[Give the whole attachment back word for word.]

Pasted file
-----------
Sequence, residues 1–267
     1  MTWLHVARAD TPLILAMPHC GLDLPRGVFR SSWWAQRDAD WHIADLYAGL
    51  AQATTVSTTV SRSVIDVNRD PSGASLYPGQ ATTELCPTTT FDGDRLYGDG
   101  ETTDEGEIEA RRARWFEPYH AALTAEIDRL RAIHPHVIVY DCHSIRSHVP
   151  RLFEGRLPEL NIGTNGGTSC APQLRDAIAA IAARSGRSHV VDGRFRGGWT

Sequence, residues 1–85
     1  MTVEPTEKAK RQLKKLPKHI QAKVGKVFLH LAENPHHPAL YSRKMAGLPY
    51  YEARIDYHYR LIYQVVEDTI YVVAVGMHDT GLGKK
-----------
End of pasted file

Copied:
Sequence, residues 1–267
     1  MTWLHVARAD TPLILAMPHC GLDLPRGVFR SSWWAQRDAD WHIADLYAGL
    51  AQATTVSTTV SRSVIDVNRD PSGASLYPGQ ATTELCPTTT FDGDRLYGDG
   101  ETTDEGEIEA RRARWFEPYH AALTAEIDRL RAIHPHVIVY DCHSIRSHVP
   151  RLFEGRLPEL NIGTNGGTSC APQLRDAIAA IAARSGRSHV VDGRFRGGWT

Sequence, residues 1–85
     1  MTVEPTEKAK RQLKKLPKHI QAKVGKVFLH LAENPHHPAL YSRKMAGLPY
    51  YEARIDYHYR LIYQVVEDTI YVVAVGMHDT GLGKK